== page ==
Before Joining USS Constitution
Francis Mullen was born in Ireland in 1778.
Francis Mullen enlisted in the United States Marine Corps on May 24, 1809 and before the War of 1812 was posted to USS President. When he enlisted, he stated that he had formerly been a “soldier,” indicating that he may have served in the British army or marines before coming to America.
At his enlistment in 1809, Mullen stood 5 ft 9 inches tall, and had grey eyes, black hair, and a dark complexion.
Life Aboard USS Constitution
Marines were frequently transferred from ship to ship and barracks to barracks as needed. Mullen entered Constitution for the first time in June 1810. Transferred to the Washington Navy Yard in April 1812, Mullen once again joined Constitution a week before the declaration of war against Great Britain. He remained on board until transferred to the President again in March 1813.
Marine privates served as the shipboard police force and were, in effect, sea-going soldiers. Standing watch as sentries at sensitive parts of the ship, Marines ensured that no unauthorized people passed into those spaces (such as the captain’s cabin or the spirit room). Marines could not be ordered aloft to do the work of the seamen, but they could attend the capstan or serve as gun crews on the gundeck. In battle, Marines armed with muskets or rifles took up station along the gangway or in the tops to keep up a constant fire on the enemy’s decks.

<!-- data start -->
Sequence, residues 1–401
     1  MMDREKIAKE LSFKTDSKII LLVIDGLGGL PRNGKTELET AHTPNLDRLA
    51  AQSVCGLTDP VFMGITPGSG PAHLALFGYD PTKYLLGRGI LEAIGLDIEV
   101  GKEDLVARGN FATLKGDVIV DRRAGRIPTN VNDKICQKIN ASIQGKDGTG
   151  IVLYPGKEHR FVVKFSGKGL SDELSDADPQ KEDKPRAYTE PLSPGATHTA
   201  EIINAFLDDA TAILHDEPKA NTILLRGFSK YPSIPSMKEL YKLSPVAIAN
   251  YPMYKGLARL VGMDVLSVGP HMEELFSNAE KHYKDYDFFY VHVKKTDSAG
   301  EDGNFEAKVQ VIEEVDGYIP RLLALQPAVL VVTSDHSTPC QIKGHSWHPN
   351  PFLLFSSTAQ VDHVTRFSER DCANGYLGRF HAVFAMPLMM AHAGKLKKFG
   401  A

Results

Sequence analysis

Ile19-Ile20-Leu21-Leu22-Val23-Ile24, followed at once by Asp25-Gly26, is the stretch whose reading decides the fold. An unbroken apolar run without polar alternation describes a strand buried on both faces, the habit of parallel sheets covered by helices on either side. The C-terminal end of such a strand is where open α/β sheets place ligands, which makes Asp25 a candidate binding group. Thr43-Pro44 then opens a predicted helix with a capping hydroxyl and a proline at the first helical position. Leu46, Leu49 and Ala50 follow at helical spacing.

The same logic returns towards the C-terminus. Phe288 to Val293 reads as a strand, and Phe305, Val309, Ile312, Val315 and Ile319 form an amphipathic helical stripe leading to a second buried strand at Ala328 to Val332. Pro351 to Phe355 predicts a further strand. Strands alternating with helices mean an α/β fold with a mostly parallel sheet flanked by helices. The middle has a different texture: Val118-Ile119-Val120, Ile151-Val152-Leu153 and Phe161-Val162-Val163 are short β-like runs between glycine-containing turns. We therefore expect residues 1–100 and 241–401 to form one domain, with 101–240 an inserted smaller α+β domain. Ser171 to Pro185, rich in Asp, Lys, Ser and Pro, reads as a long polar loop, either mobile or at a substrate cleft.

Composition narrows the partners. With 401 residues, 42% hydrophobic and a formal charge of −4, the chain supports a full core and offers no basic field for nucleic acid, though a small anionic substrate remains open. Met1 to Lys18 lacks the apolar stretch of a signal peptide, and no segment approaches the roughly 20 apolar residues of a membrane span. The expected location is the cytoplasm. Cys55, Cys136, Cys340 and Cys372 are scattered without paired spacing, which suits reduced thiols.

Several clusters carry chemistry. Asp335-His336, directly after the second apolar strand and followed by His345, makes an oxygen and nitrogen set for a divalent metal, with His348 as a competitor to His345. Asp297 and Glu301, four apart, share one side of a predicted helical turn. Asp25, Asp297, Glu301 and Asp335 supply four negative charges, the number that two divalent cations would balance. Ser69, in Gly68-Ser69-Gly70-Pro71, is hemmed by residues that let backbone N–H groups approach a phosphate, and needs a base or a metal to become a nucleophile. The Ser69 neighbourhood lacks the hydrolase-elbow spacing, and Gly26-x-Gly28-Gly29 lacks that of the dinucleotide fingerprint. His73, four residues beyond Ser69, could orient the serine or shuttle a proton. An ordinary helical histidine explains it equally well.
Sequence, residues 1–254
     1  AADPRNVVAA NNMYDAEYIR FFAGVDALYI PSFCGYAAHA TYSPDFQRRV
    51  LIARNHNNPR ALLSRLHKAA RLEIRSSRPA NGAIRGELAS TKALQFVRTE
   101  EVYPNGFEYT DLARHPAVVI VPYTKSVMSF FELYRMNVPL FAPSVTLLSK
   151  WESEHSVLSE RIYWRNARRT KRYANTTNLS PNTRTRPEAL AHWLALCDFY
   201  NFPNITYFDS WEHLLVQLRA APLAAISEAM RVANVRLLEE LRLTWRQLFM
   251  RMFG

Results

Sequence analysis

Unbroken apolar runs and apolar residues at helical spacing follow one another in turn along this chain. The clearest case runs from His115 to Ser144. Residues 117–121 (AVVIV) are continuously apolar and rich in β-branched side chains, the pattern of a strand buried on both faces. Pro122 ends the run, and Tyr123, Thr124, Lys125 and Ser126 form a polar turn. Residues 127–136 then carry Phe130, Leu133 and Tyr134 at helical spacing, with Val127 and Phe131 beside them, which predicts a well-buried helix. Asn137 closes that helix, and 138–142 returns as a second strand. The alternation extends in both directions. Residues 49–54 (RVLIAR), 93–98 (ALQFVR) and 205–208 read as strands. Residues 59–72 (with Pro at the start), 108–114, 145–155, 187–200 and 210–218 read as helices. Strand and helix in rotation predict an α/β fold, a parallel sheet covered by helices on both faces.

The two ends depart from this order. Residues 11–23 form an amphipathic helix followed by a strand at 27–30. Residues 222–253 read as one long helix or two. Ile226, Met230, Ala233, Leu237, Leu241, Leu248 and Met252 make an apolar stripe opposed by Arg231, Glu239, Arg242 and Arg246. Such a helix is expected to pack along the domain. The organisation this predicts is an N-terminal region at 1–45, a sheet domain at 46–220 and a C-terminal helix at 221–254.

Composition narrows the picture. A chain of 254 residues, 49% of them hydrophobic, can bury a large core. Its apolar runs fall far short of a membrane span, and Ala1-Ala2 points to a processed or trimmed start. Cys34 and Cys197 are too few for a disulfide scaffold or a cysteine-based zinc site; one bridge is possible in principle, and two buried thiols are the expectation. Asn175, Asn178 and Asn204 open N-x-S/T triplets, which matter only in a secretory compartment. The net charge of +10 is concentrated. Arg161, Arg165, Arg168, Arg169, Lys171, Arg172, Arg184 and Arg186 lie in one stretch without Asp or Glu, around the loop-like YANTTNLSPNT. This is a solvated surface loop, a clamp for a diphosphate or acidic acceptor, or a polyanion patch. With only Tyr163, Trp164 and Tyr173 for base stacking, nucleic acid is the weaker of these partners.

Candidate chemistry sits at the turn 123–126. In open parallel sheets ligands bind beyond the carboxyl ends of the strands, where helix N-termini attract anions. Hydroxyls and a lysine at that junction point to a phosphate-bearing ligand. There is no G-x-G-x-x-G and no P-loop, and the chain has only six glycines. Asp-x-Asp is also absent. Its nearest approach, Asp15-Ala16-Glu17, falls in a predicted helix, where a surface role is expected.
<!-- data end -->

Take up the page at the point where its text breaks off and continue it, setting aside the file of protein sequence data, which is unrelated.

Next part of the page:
Battles and Engagements
As described in a letter written by Lt. John Contee, Mullen was wounded during the battle against HMS Guerriere on August 19, 1812: “Francis Mullen, Stationed on the Mizen Top, was the only Marine wounded, and he slightly thro’ the ancle, by a musket ball.” Despite his wound, Mullen was well enough to go to sea in late 1812, and was on board the ship when she met and defeated HMS Java on December 29, 1812.
After Mullen initially recovered from his leg wound, the navy transferred him to USS President in March 1813. Captain John Rodgers commended his service, remarking: “I have good reason, from personal knowledge & observation, to believe him to be an honest & deserving man.”
Unfortunately for Mullen, his leg never properly healed. The doctors who examined him at the U.S. Naval Hospital declared: “that his right leg, which had been wounded by a musket ball, is varicose, and when he takes exercise, very painful.”
Disabled by his injury, Mullen applied for a pension in 1820 and was soon granted a half pension of $3 a month.